The second ENSO forecasting assessment issue regards the method for determining skill in the seasonal forecasts. Traditionally, ``skill", as defined by Barnston et al. (1994) and in most of the statistical and dynamical modeling studies referenced previously, is the ability to show significantly greater forecasting success when compared to persistence of initial conditions. Success has usually been achieved either by maximizing the linear correlation coefficient or by minimizing the root mean square error (RMSE). However, we suggest that persistence is an inappropriately limited test of for determining the threshold of skill in forecasting the ENSO phenomena. For example, in January 1988 the Niño-3 (5° N to 5° S and 90° to 150° W) SST anomaly value was +0.75° C, which though moderately warm was nevertheless much reduced from the +2.03° C value that occurred during September 1987, at the height of the 1986-87 El Niño event. The use of the January 1988 anomaly value as the benchmark persistence forecast to improve upon would subsequently provide large errors as conditions moved quickly to a strong La Niña within only a few months. Any modeling scheme which predicted a cold ENSO event or even a return to neutral conditions would show success above persistence and thus ``skill", at least for this particular case. However, in determining whether skillful forecasts were made by a particular model, the inclusion of month-to-month trends of the initial conditions would have made for a more stringent test. In this case, persistence plus trend would have suggested that a return to La Niña or at least neutral ENSO conditions was to occur. Of course the addition of trend of initial conditions will not always lead to correct forecasts as borne out by the lack of a La Niña following the 1991-1992 and 1993 El Niño events. The point is that adding trend to persistence generally provides improved forecasts over persistence alone.

In addition to trend of initial values, ENSO conditions are also known to decay preferentially depending on the season (Wright 1985; Wright et al. 1988). Persistence of SST anomalies typically produces the smallest errors when forecasting the boreal late fall and winter conditions and the largest errors for late spring and summer values. This tendency is due to the as yet unexplained strong phase locking between ENSO and the annual cycle. Rasmusson et al. (1990) showed that the ENSO sequel has two dominant time scales. One is a biennial mode with a period very close to 24 months. The other has a period of four to five years. More importantly, the biennial cycle is tightly locked to the annual cycle. Therefore, consideration for the calendar date with respect to the climatology of composite ENSO events can enhance the forecast ability of ENSO prediction schemes. For instance, if January initial conditions are warm, it is likely that the conditions in the following January will be cooler.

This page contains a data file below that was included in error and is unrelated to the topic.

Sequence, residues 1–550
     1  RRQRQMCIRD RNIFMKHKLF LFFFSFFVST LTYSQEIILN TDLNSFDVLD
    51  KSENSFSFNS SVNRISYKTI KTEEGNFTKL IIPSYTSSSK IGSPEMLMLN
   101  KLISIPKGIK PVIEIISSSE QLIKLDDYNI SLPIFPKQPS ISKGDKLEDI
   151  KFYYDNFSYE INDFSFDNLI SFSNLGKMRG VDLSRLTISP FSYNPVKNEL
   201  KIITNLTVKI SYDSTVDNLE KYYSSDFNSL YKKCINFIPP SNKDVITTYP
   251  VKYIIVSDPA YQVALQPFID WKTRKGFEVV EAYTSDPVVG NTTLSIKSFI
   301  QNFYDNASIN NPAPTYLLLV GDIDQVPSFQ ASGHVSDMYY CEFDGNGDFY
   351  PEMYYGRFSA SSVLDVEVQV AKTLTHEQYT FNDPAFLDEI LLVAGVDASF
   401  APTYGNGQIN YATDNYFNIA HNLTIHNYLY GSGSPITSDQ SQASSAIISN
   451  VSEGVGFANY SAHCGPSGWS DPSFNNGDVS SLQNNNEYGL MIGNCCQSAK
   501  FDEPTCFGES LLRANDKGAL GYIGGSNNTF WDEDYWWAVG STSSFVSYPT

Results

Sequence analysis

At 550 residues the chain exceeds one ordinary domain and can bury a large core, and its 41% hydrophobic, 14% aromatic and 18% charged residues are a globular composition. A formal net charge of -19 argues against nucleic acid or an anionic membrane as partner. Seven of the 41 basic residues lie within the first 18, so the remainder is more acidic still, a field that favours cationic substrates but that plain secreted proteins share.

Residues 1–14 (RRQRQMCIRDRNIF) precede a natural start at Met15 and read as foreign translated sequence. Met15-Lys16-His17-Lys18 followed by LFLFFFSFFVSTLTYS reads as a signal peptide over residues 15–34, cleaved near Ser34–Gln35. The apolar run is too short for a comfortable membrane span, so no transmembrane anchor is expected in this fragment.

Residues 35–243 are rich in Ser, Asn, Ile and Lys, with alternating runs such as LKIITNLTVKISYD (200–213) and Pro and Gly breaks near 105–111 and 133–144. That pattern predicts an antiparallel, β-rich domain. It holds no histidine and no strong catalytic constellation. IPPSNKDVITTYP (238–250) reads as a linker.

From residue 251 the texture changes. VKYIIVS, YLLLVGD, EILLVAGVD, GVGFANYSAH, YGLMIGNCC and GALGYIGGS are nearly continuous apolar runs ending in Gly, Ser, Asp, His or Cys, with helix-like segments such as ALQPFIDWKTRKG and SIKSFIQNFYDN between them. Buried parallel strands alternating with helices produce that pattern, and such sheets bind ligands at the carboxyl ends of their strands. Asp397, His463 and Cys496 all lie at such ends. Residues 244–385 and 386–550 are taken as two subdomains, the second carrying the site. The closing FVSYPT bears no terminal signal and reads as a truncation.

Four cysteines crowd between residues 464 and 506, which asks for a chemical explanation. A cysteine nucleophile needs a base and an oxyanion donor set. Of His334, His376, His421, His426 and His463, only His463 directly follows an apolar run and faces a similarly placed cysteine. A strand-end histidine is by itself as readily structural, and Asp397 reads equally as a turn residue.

To provide a more stringent test for skill in seasonal ENSO forecasting, a multiple regression technique has been fashioned that takes best advantage of CLImatology, PERsistence and trend of initial conditions - the ENSO-CLIPER. This new model is presented as a replacement of the use of pure persistence for determining the skill threshold for ENSO forecasting. We then redefine ``skill" in ENSO prediction as the ability to show significant improvements over the forecast capability of ENSO-CLIPER, rather than just persistence. Thus, the ENSO-CLIPER, which is based upon 43 years of surface data, is in this sense an optimal ``no-skill" forecasting procedure, in that when other models' performance compares unfavorably with ENSO-CLIPER they are said to have ``no-skill". Note that optimal combinations of climatology, persistence and trend to provide ``no-skill'' forecasts is already in common usage for both tropical cyclone motion (CLIPER - Neumann 1972) and intensity (SHIFOR - Jarvinen and Neumann 1979) forecasting. CLIPER-type models have proved invaluable for providing benchmarks in testing tropical cyclone track and intensity forecasting algorithms (Neumann and Pelissier 1981; DeMaria et al. 1990; DeMaria and Kaplan 1994; Gross and Lawrence 1996). All statistical and dynamical tropical cyclone models are compared for their relative improvement with respect to CLIPER and SHIFOR, rather than simple persistence (see DeMaria et al. 1990). The use of these two ``no-skill" models has provided an invaluable tool in validating new tropical cyclone prediction schemes, in both real-time and hindcasts.

This paper will detail the development of an ENSO-CLIPER scheme and its suggested ENSO forecast ability including the SOI and the various SST indices. The next section describes the developmental data sets utilized for both the predictors and predictands. Section 3 details the methodology utilized in the creation of the ENSO-CLIPER model and section 4 presents the results of hindcasts on dependent data and estimates of future forecast ability. Section 5 compares the performance of the ENSO-CLIPER with other ENSO prediction schemes. Section 6 provides an example of an independent forecast of ENSO conditions for 1996-1998. Following a summary and discussion section, Appendix A presents all of the independent ENSO-CLIPER forecasts.